Instructor, Department of Landscape Architecture, Rutgers University.

The Hidden City: Daylighting the Past in Urban Space 

It is the political imperative of art to confront difficult aspects of the past, in order to transform the aesthetics of the medium itself, and, more importantly, to transform thought.  This assertion gets to the core of why commemorative and cultural heritage sites require the development of richer design practices. The abstract visual and design languages often used at monuments and memorials employ conservative aesthetic approaches which have conservative political implications.  As such, they often do not enable confrontation or transformation.  Rather, this is an art that is more suited to supporting and affirming existing thoughts and beliefs. In this talk, I argue that a new poetics of commemoration can be sought by working with non-visual aspects of design and with an understanding of cognition and perception.  I explore different modes of engagement with memory and the varying forms they might take.

Formal design elements and materials often used at monuments and memorials - reflecting pools, waterfalls, manicured lawns, and formal tree plantings – are contrasted with other design strategies and processes.  Smooth, shiny, reflective materials are fixed and unyielding, implying closure, finality, and the so-called “healing” of trauma. Instead, utilizing materials that invite touch and engagement, and that embrace visitors with smells and sounds and atmospheric enclosure, can enhance bodily engagement with memory.  I explore how design strategies can enhance empathic engagement, and allow for ‘seeing through’ the body.  Rather than statue removal and additive history, I argue for the development of hybrid design practices and strategies that support dynamic and flexible engagements with the past, using several examples to illuminate these possibilities.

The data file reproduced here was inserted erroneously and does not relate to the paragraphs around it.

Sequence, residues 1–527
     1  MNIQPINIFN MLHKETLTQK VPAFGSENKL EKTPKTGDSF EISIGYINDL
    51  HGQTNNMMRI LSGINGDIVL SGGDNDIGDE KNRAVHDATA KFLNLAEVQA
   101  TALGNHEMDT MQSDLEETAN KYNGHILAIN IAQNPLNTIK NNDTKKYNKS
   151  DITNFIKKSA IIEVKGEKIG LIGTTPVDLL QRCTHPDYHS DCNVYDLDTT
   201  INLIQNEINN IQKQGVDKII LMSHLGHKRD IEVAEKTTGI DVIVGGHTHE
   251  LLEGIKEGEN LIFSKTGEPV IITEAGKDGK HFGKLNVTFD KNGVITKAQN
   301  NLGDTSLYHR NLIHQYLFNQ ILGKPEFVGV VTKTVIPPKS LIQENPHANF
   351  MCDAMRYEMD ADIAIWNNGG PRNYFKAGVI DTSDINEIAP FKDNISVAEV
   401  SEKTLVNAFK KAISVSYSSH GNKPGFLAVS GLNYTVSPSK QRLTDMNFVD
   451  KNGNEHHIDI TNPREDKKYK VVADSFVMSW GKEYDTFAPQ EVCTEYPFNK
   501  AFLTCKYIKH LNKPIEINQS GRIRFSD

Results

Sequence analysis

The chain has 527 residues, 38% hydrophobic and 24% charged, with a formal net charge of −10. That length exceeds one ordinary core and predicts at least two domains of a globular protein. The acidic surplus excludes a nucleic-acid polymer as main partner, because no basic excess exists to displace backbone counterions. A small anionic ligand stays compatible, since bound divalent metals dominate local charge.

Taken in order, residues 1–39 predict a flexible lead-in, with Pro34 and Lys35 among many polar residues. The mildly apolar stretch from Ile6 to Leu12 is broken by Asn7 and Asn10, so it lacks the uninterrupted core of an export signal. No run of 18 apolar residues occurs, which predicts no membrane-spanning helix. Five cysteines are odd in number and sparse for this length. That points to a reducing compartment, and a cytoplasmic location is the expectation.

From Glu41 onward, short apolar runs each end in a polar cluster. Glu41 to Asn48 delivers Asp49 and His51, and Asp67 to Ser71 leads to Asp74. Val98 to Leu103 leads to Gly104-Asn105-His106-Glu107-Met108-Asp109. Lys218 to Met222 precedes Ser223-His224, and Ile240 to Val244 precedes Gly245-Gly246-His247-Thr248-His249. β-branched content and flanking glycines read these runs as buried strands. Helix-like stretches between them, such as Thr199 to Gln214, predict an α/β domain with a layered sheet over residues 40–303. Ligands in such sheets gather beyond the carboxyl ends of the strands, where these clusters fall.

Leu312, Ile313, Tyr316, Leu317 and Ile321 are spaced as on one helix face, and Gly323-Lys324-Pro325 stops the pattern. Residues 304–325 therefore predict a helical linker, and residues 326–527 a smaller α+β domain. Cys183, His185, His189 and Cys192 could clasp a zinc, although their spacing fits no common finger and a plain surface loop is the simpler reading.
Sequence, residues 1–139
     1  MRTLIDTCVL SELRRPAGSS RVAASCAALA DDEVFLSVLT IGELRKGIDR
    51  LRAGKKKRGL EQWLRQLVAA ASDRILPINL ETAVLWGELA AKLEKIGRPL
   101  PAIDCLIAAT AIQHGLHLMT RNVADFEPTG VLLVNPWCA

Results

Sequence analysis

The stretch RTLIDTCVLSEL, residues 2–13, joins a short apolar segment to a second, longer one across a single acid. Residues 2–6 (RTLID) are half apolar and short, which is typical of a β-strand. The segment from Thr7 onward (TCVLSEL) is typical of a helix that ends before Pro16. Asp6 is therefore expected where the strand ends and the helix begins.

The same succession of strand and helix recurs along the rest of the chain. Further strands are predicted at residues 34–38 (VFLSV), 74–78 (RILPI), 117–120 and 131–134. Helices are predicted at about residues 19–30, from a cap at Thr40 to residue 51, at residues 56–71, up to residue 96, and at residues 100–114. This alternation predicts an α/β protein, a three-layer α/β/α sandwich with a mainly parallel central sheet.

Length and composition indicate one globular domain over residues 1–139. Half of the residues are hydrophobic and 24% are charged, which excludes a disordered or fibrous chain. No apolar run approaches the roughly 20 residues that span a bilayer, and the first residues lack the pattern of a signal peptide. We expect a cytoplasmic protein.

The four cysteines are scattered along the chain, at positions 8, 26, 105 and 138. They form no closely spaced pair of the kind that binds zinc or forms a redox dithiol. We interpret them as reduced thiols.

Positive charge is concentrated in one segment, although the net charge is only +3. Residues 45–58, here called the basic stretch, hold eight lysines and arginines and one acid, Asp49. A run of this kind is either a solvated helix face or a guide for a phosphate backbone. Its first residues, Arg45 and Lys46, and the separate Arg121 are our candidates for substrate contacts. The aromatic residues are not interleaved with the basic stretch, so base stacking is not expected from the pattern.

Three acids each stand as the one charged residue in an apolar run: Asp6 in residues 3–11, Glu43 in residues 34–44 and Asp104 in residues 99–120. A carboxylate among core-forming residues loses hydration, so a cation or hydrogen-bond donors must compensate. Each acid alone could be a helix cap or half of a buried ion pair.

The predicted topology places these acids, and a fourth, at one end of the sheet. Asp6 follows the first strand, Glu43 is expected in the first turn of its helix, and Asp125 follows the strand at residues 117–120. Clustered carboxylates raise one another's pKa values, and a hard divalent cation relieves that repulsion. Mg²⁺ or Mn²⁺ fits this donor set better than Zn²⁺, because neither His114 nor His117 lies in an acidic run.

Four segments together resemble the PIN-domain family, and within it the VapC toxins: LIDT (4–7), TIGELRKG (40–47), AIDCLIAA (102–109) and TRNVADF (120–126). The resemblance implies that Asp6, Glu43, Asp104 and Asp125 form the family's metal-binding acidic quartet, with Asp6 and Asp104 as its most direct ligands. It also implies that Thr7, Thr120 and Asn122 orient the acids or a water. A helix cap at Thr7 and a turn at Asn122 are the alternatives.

at The John H. Daniels Faculty of Architecture, Landscape, and Design
1 Spadina Crescent, Toronto
Room 200 (Mediatheque)

This Talk is open to the public.  Please register for it here.
Fri, Apr 26/19
5pm - 6.30pm


at the Garrison Creek
hosted by Richard Longley


Start: NW corner Christie and Bloor West (Christie Pits, Christie TTC subway)

South from Christie Pits, across Bloor to Bickford Ravine, remains of Harbord Bridge to Art Eggleton Park, follow winding course of Garrison Creek around Montrose, Crawford streets to Camoes Square (Portuguese colonization and immigration on College St.

South to Trinity Bellwoods Park, across Queen St to Strachan Avenue, E to Stanley Park, S to Wellington West, W back to Strachan, S to Fort York and the Bentway.

East to Bathurst, S to Ireland Park, N to City Place, Victoria Square, King St W.

East along King to Toff Bell Kightbox at John St to see Irish Famine video and visit Fever Sheds site on the 4th flr.

End of walk.
Sat, Apr 27/19
11am - 2pm


at The John H. Daniels Faculty of Architecture, Landscape, and Design
1 Spadina Crescent, Toronto
Room 230

The Walk & Workshop are open to the public.  Please register for them here.
Sat, Apr 27/19
3pm - 5pm